Change Agent Behind #BlackBirdersWeek

Published: Jul 2, 2020

(Headshot of Anna Gifty Opoku-Agyeman in gray t-shirt)

Before she graduated from UMBC, Anna Gifty Opoku-Agyeman ’19, M26, mathematics, founded the Sadie Collective. Opoku-Agyeman describes it on her website as, “the first and only organization to date dedicated to addressing the pipeline and pathway problem for Black women in economics and related fields.” Since the Collective’s inception in 2018, membership has expanded to nearly 500 members across 30 states, 120 institutions, and four continents.

This is a woman who is making change.

One of the Collective’s first orders of business was to organize the Sadie Tanner Mossell Alexander Conference for Economics and Related Fields. The conference and the Sadie Collective offer resources, networking, and support to a community—in this case, Black women in economics—that has been historically under-resourced, -networked, and -supported.

As it happens, some members of the Sadie Collective’s leadership team are also birders.

So, when news of a White woman calling 911 on Christian Cooper, a Black birder in Central Park who asked her to follow the rules and leash her dog, made national headlines in May, the Collective leaped into action. Below, Opoku-Agyeman shares how #BlackBirdersWeek (May 31 June 5, 2020) came to be, its extensive impact, and what’s next.

UMBC Magazine: What was your goal in creating #BlackBirdersWeek?

Anna Gifty Opoku-Agyeman: I want to first and foremost share that #BlackBirdersWeek was a joint effort with members of the BlackAFinSTEM Collective. I co-founded the initiative alongside Sheridan Alford, Danielle Belleny, Chelsea Connor, Joseph Saunders, and Tykee James, all wonderful people who, alongside others, stepped up to make the week possible. 

#BlackBirdersWeek was a direct response to Christian Cooper’s unfortunate encounter with a White woman in Central Park. Although I am not a birder, many individuals in the Collective are, and each of them echoed similar experiences to Cooper’s. The conversations sparked an idea in me to amplify and prioritize the voices of Black birders, naturalists, and explorers similar to what I have done alongside my co-founder, Fanta Traore, at the Sadie Collective.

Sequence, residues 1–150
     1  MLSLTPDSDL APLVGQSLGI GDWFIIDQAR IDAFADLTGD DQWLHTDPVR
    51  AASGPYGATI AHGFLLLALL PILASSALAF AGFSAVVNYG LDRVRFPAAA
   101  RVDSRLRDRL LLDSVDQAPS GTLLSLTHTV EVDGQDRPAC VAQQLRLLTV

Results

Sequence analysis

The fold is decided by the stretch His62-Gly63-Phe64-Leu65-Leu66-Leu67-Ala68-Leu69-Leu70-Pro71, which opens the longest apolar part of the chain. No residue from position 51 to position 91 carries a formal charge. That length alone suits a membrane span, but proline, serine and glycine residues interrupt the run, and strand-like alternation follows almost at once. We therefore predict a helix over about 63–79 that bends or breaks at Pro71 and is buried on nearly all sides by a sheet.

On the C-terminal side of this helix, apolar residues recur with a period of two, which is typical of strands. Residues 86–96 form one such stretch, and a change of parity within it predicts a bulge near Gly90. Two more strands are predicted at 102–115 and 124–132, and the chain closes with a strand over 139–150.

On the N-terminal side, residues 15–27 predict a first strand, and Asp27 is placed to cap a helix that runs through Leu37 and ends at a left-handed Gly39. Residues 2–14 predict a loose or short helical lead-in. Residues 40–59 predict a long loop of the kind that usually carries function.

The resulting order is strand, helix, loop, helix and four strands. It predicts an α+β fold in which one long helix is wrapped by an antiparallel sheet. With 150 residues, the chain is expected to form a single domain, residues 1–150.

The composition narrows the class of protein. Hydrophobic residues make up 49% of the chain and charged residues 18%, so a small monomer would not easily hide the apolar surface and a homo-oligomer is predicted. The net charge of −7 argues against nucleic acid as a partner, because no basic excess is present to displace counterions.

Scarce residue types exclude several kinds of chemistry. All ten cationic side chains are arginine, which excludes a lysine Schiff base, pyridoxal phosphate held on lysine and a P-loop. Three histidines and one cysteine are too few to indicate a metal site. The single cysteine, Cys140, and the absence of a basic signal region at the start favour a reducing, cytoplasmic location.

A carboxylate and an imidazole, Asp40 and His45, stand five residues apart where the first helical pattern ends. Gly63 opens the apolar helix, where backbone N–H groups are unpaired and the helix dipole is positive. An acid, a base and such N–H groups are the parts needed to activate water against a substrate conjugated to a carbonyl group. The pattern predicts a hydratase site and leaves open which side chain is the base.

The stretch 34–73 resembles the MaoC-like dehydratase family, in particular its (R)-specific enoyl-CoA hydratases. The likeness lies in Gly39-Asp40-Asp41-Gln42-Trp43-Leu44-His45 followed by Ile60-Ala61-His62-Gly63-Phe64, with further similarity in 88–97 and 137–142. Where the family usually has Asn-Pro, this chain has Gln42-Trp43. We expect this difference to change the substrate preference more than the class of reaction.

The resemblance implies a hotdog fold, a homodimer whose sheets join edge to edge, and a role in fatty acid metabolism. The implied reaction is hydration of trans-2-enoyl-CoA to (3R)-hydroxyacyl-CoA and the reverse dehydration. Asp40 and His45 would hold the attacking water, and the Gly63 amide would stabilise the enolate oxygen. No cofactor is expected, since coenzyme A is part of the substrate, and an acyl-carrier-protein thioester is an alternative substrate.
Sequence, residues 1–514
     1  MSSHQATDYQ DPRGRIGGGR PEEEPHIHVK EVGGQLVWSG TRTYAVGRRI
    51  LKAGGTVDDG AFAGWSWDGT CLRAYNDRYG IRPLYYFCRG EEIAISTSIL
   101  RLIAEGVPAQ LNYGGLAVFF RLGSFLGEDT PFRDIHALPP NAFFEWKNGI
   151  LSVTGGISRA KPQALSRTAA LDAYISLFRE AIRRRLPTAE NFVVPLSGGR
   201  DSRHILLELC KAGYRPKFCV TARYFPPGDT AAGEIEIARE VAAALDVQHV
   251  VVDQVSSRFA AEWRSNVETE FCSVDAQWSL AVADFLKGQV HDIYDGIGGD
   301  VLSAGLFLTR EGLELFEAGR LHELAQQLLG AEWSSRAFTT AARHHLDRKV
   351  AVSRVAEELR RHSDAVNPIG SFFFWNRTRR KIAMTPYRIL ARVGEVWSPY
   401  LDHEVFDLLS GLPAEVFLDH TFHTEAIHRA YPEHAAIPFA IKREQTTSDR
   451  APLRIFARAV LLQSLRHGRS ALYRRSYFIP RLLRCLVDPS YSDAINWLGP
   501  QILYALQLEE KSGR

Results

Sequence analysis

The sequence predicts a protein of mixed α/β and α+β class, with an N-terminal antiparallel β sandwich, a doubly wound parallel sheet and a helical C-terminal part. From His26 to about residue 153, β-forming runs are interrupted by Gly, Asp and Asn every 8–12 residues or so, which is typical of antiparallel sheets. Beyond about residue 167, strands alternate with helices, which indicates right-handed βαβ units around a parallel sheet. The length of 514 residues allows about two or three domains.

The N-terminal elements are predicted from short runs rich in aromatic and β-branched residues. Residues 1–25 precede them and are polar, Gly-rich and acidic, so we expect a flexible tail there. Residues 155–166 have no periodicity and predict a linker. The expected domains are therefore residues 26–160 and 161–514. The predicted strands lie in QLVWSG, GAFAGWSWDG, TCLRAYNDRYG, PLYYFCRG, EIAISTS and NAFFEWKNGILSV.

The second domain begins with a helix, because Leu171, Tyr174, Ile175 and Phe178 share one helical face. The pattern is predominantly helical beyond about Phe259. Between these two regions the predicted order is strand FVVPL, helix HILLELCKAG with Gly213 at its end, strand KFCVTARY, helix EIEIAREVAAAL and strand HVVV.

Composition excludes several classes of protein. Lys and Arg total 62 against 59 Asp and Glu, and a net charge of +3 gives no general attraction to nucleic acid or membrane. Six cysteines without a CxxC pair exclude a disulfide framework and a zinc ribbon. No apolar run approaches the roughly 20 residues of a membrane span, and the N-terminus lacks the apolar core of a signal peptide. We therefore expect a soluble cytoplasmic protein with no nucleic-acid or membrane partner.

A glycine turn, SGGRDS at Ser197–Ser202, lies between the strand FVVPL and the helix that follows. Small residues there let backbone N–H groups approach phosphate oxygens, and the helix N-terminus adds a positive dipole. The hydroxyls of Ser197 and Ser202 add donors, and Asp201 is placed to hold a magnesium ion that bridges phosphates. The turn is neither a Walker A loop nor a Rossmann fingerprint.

UMBC Magazine: Can you describe some of the components of the week’s programming, and how it came together?

Opoku-Agyeman: I suggested a Black Birders Day, and Tykee James suggested a week, as a way to celebrate Black people in the birding space similar to how running was used to celebrate the late Ahmaud Arbery. I did a little bit of brainstorming and came back with a pitch: a potential week-long digital campaign to amplify the experiences and expertise of Black birders, especially those within the group. The Collective loved the idea and offered suggestions to improve how we could roll out the campaign. We have well-known birders and natural scientists within our group, such as Jason Ward and Corina Newsome, and many of us had a couple thousand followers. So we knew that between all of us, this could be huge. 

We were intentional about ensuring that there was a hashtag for each day, which led the wonderful Danielle Belleny, Sheridan Alford, and Chelsea Connor to create these amazing flyers that reflected our vision.

Every day had a theme and corresponding date. A brief description of what we highlighted includes:

●      #BlackinNature—Showcasing Black people in nature. Black people typically don’t get to be in nature because we are viewed as a threat. This part of the campaign was intentional in that it normalized Black people in nature and also encouraged it.

●      #PostABird Challenge—Posting a fun bird picture/fact/etc. This was really a campaign to get people involved regardless of race so that we could get the world talking about birds!